“I went to the woods because I wished to live deliberately, to front only the essential facts of life, and see if I could not learn what it had to teach, and not, when I came to die, discover that I had not lived. I did not wish to live what was not life, living is so dear; nor did I wish to practice resignation, unless it was quite necessary. I wanted to live deep and suck out all the marrow of life, to live so sturdily and Spartan-like as to put to rout all that was not life, to cut a broad swath and shave close, to drive life into a corner, and reduce it to its lowest terms…”
– Henry David Thoreau

Where can readers find your work?

In children’s books at your local library or bookstore. On line, you can visit my website: http://www.timbowers.com/ and my blog: timbowersart.blogspot.com.

Henry: Thanks for joining us, Tim!


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Interview with graphic novel/picture book author/illustrator Ben Hatke

Ben Hatke is an author and artist of graphic novels and picture books. His notable works include the ZITA THE SPACEGIRL TRILOGY, the Eisner award-winning LITTLE ROBOT, and the picture book JULIA’S HOUSE FOR LOST CREATURES.

hatkeben

For what age audience do you write, and in what genre?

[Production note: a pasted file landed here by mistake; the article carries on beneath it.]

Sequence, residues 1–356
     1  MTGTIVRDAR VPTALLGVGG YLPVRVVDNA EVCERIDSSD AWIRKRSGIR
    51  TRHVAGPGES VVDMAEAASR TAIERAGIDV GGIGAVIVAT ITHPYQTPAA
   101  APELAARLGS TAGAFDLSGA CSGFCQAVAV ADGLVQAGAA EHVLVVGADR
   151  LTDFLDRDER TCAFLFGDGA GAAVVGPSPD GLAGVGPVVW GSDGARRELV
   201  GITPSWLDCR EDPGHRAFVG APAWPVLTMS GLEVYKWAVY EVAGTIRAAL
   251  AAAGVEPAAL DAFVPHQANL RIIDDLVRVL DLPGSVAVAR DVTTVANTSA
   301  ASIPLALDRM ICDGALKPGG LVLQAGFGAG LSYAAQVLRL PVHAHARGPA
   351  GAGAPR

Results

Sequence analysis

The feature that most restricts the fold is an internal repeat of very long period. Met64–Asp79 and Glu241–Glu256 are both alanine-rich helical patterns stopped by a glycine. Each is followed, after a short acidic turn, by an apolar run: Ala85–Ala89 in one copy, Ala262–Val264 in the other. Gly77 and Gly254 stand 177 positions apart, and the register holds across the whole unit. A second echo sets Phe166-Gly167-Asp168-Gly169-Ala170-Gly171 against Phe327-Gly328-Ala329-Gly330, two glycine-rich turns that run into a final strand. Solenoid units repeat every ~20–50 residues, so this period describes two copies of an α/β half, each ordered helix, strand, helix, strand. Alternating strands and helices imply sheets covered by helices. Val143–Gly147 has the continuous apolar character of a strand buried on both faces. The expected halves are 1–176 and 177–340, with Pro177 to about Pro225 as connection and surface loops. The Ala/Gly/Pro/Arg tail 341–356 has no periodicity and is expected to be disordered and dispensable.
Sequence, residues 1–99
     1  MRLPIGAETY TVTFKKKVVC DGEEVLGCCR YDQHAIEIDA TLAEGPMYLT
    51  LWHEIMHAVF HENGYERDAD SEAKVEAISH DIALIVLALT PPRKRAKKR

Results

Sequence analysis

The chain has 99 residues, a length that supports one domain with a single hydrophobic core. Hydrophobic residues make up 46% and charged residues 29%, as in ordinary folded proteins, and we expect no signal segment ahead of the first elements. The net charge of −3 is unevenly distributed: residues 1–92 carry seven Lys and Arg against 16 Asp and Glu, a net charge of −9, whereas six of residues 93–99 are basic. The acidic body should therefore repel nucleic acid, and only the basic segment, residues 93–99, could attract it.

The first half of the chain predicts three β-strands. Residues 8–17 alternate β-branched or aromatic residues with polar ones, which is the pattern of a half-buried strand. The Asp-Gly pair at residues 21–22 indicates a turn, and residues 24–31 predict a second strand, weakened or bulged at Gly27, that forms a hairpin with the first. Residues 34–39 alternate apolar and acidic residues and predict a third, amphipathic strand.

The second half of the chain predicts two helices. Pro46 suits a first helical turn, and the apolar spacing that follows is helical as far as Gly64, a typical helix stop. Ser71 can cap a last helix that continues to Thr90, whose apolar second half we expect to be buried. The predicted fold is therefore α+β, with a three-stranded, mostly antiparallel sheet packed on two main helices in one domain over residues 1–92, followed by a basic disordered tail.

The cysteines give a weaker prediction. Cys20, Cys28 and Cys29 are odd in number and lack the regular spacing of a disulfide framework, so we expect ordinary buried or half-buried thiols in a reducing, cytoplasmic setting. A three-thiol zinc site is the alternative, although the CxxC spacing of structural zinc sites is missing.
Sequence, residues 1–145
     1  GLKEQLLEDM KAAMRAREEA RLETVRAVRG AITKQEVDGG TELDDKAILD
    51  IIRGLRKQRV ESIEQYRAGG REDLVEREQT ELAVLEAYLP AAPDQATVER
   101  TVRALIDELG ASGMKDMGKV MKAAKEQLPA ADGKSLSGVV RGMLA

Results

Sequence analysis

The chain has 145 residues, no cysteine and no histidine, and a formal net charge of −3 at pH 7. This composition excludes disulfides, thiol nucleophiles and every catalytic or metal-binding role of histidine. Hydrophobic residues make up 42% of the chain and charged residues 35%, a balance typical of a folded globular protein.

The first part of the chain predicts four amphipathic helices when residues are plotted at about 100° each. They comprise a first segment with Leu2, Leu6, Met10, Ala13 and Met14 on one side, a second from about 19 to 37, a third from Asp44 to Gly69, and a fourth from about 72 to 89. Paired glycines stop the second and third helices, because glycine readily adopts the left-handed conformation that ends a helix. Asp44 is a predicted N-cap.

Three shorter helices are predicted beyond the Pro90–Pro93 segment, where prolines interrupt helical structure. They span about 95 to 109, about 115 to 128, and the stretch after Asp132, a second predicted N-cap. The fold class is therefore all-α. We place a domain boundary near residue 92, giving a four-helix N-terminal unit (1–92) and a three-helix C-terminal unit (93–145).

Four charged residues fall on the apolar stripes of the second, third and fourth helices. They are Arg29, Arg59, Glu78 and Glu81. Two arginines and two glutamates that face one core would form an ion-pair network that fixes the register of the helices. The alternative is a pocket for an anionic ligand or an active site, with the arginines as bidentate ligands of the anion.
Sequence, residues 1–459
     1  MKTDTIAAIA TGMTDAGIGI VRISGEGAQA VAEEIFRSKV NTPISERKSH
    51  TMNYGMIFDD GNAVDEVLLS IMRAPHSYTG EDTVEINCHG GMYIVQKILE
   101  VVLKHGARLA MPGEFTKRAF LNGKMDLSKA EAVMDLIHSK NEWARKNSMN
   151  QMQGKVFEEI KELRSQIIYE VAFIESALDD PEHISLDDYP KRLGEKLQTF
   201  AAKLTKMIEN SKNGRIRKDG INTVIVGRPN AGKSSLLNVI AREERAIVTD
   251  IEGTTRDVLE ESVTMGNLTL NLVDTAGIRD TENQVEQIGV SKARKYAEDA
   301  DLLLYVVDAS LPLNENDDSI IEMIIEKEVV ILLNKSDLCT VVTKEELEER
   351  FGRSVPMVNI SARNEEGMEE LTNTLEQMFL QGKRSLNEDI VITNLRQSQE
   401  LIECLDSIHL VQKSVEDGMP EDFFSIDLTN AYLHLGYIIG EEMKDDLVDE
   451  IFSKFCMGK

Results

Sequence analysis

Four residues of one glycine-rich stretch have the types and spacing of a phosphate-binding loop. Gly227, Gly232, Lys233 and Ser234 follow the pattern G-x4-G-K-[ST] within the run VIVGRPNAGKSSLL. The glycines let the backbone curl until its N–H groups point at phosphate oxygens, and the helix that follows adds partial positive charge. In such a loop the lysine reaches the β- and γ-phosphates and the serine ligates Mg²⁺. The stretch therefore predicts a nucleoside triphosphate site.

My comics are mostly classed as “middle grade” but I really try to write for everybody. I also make picture books which are even more for everybody. As to genre, I tend toward fantasy and science fiction. I tend to add swords and robots and goblins to just about everything I touch.

Henry: You complete me. Fantasy makes everything better. And cowbells.

Tell us about your latest book.

MIGHTY JACK is a two-book, modern-day, graphic novel retelling of the Jack and the Beanstalk story.

Henry: Fun! I’m a big fan (and writer) of fractured fairy tales.

What do you hope readers will get from reading that book?

A sense of wonder.

Henry: Wonder at the world you created, or wonder at what goes in inside your head?

What aspect of writing or illustrating do you find most challenging?

It’s all challenging, and really, the challenges are the best part. Except for drawing cars. That’s just terrible no matter how you look at it.

Henry: Conversely, I can only draw cars. Ha! Let’s collaborate on a fantasy picture book: DON’T LET THE DRAGON DRIVE THE BUS.